desire and faith, etc. Life is not easy. Christian living is even tougher some
days and I know what I am capable of and what I am not. Two favorite scripture
passages that focus my attention in daily living are: “O God, be merciful to me
a sinner” and “Lord, I believe, help my unbelief.”

What is
distressing about some of the criticism about indulgences is the ignorance of intelligent
Catholics. There is a group of people who lack understanding of a sense of
grace and mediation of the Church for our salvation are highly skeptical about
the resurgence of talk on indulgences. You ask what is an indulgence and why
are we speaking about indulgences again. In short, the point of an indulgence is that it “intends as its primary aim to stimulate the faithful in their fervor of charity, and thereby in the worthy reception of the Sacraments and the carrying out of the works of mercy and penance.” More information can be gained by
reading the article at this link.

The means to
obtain the indulgence, this favor, are as follows:

(A) All truly
penitent priests who, on any day, devotedly pray Lauds or Vespers before the
Blessed Sacrament exposed to public adoration or in the tabernacle, and …
offer themselves with a ready and generous heart for the celebration of the
Sacraments, especially the Sacrament of Penance, will be granted a Plenary
Indulgence, which they can also apply to their deceased confreres, if in
accordance with current norms they take Sacramental Confession and the
Eucharist and pray in accordance with the intentions of the Supreme Pontiff.
Priests are furthermore granted a Partial Indulgence, also applicable to
deceased confreres, every time they devotedly recite the prayers duly approved
to lead a saintly life and to carry out the duties entrusted to them.

(B) All truly
penitent Christian faithful who, in church or oratory, devotedly attend Holy
Mass and offer prayers to Jesus Christ, supreme and eternal Priest, for the
priests of the Church, or perform any good work to sanctify and mold them to
His Heart, are granted a Plenary Indulgence, on the condition that they have
expiated their sins through Sacramental Confession and prayed in accordance
with the intentions of the Supreme Pontiff. This may be done on the opening and
closing days of the Year of Priests, on the 150th anniversary of the death of
Saint John Mary Vianney, on the first Thursday of the month, or on any other
day established by the ordinaries of particular places for the good of the

The elderly, the
sick and all those who for any legitimate reason are unable to leave their
homes, may still obtain a plenary indulgence if, with the soul completely
removed from attachment to any form of sin and with the intention of observing,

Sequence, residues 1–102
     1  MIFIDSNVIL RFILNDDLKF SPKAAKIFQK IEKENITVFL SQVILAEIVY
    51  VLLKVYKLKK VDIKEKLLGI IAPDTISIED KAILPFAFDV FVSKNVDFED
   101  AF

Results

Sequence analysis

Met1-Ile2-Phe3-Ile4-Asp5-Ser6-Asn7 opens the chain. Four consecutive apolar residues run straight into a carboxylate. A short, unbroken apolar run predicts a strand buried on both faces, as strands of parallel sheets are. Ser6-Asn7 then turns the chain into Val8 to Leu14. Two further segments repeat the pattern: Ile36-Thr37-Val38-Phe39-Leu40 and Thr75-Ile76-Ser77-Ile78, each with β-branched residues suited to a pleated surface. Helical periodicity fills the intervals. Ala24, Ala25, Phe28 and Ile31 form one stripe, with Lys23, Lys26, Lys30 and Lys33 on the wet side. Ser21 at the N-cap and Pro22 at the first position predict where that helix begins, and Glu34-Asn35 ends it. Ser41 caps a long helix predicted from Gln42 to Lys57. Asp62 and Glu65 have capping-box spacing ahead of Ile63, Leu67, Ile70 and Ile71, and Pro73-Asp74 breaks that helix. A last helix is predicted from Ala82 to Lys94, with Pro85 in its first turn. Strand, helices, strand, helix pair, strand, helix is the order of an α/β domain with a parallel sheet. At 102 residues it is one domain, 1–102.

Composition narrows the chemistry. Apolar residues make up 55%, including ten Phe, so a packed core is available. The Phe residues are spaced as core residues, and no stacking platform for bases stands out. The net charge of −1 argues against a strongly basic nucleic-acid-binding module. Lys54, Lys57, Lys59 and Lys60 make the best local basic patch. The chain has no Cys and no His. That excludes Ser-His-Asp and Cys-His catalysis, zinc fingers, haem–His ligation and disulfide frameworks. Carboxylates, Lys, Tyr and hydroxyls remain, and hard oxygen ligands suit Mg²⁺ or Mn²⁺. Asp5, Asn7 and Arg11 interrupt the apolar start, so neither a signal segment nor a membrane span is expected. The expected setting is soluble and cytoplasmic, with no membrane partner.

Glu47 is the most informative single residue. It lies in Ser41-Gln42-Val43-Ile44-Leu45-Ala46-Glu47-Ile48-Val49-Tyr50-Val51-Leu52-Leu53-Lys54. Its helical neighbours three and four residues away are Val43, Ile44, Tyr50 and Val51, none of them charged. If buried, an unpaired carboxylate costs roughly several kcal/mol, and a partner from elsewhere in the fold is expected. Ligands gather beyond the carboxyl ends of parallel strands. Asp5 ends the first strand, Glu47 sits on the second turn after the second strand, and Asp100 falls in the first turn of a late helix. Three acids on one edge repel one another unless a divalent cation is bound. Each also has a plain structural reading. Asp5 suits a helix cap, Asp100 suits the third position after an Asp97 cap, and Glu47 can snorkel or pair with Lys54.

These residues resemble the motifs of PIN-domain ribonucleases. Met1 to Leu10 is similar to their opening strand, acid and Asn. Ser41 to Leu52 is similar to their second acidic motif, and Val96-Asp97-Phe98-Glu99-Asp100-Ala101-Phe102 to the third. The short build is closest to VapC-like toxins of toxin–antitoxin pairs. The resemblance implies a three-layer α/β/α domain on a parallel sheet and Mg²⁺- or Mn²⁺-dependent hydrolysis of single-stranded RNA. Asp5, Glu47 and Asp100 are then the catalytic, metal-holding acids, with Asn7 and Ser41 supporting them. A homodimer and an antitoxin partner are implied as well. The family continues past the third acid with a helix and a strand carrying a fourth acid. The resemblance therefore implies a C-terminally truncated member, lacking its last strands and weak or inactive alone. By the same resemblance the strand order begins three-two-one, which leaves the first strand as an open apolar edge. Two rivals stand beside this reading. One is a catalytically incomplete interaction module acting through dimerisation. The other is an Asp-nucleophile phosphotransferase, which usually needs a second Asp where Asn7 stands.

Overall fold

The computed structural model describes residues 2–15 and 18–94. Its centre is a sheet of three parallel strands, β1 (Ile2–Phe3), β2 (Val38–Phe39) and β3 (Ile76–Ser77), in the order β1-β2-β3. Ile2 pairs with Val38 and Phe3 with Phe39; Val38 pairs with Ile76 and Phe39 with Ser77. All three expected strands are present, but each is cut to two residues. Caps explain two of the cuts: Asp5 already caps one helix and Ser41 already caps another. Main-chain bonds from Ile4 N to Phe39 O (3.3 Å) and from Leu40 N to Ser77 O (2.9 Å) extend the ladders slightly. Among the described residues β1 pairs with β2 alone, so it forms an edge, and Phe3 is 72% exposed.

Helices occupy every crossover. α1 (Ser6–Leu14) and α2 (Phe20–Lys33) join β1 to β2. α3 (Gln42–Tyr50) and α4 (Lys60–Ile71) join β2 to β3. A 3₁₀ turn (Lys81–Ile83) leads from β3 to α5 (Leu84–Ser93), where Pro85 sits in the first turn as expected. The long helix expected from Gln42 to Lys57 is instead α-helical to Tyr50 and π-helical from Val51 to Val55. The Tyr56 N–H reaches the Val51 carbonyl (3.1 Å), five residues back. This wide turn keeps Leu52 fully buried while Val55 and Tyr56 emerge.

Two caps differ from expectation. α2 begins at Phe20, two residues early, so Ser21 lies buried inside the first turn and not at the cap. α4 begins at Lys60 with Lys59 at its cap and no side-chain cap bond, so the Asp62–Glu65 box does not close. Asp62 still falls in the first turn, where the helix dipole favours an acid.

as soon as they can, the usual three conditions, “on the days concerned,
they pray for the sanctification of priests and offer their sickness and
suffering to God through Mary, Queen of the Apostles.”

A partial indulgence will be offered to the faithful each time they pray five “Our Father,” “Hail Mary,” and “Glory Be,” or any other duly approved prayer “in honor of the Sacred Heart of Jesus to ask that priests maintain purity and sanctity of life.”

The priest

Pope Benedict ordains priests2.jpg

Bishop William Lori ordained two men to the diaconate today; they’ll be ordained priests next year. Saturday, May 16, the Bishop  ordains six men to the priesthood. These are happy days for the diocese of Bridgeport. So, I was thinking about the priesthood and what it means. While there are vast amounts of literature on nature of the priesthood, I thought Saint John Vianney would be an appropriate sounding board for today.

priest is not a priest for himself; he does not give himself absolution; he
does not administer the Sacraments to himself. He is not for himself, he is for
you. After God, the priest is everything. Leave a parish twenty years without
priests; they will worship beasts. If the missionary Father and I were to go
away, you would say, “What can we do in this church? there is no Mass; Our Lord
is not longer there: we may as well pray at home.” When people wish to destroy
religion, they begin by attacking the priest, because where there is no longer
any priest there is no sacrifice, and where there is no longer any sacrifice
there is no religion.

John-Mary Vianney, The Little Catechism of the Cure of Ars

About the author

Paul A. Zalonski is from New Haven, CT. He is a member of the Fraternity of Communion and Liberation, a Catholic ecclesial movement, and an Oblate of Saint Benedict. Contact Paul at paulzalonski[at]